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Cord Blood Transplants

If you, or a loved one is in need of a bone marrow or cord blood transplant, but immediate family cannot provide a good match, doctors have the option of searching the National Marrow Donor Program (NMDP) registry for an allogeneic transplant (donation outside family)

Patients needing bone marrow or cord blood transplants often turn to family members in hopes of a perfect match. However, 70-75% of them fail to find a suitable match within their own gene pool.

If a suitable donor is not found, doctors are able to search the National Marrow Donor Program (NMDP) for allogeneic matches (stem cells donated outside of the family). With nearly 7 million potential donors, and 70,000 units of cord blood available, the chances are greater of finding a near perfect match for those seeking treatment or transplants.

For a successful transplant, the process is relatively complex, but the basics of the process involve typing the blood. Human leukocyte antigens (HLA) are markers (actually proteins) that are found in the body's cell. If the markers of a transplant do not match, your body's immune system would consider them foreign, and start destroying the transplanted cells. In other words, the transplant would be rejected, creating bigger problems for the patient. The greater number of protein matches between patient and donor, the greater the chance of success.

Another factor involves the number of cells being transplanted. Children have a greater chance of success, because they do not require the larger amounts of stem cells. Doctors are researching ways and ideas (such as trying to use two or three units of cord blood, or possibly growing new cells from a single unit in the laboratory prior to transfusion) in which to create better options for adults need stem cell transfusions.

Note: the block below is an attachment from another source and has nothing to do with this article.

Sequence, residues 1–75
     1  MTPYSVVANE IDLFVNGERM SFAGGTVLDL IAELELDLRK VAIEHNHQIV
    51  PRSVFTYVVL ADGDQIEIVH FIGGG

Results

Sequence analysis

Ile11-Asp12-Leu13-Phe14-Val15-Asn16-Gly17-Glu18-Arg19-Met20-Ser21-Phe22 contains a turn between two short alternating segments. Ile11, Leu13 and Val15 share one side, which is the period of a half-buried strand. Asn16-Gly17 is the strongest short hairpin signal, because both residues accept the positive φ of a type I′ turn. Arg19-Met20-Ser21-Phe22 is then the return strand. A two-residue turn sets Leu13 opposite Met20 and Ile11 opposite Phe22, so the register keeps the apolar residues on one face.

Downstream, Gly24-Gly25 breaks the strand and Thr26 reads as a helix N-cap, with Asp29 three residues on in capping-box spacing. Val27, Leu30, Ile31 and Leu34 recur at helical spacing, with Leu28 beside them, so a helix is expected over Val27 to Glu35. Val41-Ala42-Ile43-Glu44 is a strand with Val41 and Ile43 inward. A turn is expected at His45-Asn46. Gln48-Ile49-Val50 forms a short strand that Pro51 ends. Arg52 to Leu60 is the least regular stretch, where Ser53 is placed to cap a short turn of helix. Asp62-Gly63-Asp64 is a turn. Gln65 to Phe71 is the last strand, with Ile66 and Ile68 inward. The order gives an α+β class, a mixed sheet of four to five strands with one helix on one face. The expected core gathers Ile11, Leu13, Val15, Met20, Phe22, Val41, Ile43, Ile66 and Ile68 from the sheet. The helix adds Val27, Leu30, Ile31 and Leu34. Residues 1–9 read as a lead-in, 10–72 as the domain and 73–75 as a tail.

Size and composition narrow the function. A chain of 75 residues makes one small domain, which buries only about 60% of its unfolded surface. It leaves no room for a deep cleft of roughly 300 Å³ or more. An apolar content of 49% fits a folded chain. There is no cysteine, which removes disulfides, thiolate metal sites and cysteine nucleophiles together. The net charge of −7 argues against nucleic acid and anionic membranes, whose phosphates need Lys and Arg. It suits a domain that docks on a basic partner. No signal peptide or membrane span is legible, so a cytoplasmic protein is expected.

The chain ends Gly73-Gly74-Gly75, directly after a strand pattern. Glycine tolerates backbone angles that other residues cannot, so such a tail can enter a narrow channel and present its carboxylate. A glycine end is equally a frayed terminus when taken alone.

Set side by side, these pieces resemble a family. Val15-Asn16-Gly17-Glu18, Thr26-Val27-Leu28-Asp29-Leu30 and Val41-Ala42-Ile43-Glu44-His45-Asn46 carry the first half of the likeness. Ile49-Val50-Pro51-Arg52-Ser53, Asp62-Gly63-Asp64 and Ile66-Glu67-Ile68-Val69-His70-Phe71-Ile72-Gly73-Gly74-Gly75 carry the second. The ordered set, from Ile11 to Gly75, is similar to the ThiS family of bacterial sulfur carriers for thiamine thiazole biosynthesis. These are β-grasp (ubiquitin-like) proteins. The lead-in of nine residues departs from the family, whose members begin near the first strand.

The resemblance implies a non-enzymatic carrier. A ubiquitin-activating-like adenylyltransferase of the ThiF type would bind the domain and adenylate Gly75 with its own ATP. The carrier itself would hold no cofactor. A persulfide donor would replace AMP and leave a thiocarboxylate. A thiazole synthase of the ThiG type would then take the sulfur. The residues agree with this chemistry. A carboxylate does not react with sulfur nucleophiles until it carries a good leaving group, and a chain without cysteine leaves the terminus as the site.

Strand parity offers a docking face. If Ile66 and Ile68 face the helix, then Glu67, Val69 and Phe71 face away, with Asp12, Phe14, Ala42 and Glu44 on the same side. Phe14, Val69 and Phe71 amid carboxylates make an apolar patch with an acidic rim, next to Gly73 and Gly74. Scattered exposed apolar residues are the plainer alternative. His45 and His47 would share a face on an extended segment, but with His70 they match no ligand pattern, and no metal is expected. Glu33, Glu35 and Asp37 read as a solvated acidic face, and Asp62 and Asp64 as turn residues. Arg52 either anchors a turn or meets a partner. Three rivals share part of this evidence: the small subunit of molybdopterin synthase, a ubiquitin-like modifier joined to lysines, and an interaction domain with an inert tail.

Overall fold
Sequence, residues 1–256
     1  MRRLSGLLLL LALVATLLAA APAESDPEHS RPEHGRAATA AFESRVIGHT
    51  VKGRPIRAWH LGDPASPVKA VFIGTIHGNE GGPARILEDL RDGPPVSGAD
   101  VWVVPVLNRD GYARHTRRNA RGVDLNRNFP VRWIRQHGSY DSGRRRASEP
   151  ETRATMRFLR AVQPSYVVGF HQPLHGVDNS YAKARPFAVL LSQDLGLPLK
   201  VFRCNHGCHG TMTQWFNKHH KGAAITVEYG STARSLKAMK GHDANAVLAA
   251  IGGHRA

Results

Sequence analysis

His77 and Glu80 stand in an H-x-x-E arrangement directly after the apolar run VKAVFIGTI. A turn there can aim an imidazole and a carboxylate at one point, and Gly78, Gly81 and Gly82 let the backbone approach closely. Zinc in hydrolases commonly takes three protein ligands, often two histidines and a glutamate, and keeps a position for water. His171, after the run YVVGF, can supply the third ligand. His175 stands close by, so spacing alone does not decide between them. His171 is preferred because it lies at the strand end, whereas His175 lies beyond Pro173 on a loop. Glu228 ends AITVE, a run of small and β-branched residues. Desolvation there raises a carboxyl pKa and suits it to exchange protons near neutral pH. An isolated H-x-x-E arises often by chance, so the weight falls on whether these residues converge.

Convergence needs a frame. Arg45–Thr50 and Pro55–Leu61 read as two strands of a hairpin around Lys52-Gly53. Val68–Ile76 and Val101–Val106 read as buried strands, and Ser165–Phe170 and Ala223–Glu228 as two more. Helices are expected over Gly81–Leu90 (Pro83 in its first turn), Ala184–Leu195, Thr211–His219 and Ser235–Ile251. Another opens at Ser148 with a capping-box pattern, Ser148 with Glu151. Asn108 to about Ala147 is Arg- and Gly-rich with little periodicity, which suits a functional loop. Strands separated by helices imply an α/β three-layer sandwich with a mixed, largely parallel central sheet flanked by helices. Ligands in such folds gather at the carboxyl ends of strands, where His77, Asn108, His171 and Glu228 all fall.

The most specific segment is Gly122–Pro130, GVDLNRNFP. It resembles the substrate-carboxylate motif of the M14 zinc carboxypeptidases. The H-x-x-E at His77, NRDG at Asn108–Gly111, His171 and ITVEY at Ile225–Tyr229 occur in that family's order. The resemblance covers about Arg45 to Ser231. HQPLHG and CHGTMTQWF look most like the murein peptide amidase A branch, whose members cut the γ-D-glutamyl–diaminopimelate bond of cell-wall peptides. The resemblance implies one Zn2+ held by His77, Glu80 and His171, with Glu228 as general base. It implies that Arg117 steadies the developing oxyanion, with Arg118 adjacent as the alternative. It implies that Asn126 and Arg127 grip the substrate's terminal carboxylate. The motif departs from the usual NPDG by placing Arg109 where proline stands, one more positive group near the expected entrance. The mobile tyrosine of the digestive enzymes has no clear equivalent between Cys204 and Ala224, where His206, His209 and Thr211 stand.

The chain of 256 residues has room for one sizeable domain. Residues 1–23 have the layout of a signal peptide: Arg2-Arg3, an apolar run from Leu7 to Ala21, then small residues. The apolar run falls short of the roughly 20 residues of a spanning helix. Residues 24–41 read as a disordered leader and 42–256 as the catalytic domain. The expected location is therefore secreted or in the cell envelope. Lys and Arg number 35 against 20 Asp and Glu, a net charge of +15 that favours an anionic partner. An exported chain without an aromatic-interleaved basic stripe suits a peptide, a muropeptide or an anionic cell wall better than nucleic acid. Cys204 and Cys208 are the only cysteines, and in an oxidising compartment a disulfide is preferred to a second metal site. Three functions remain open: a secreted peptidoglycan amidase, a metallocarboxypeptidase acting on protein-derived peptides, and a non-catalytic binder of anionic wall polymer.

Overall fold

It is important to understand that some types of blood are more common than others, so finding the right match may take some time. Doctors and NMDP will work together to locate possible matches across the globe, but understanding that protein markers are inherited, some matches may be more difficult to locate than others.

Once a match is made, many factors are considered, such as age of the donor, their sex, medical conditions, blood type, and other things. The urgency of the required transplant will also play a factor in this process.

Understanding the cord blood transplant process, the factors involved, and the immediate need of the patient are all important for the patient and their family. However, a family can rest assured that doctors, and those at the NMDP are fervently seeking the best possible matches, so that care of the patient can be focused on during this process.

Source by Melvin Ngiam

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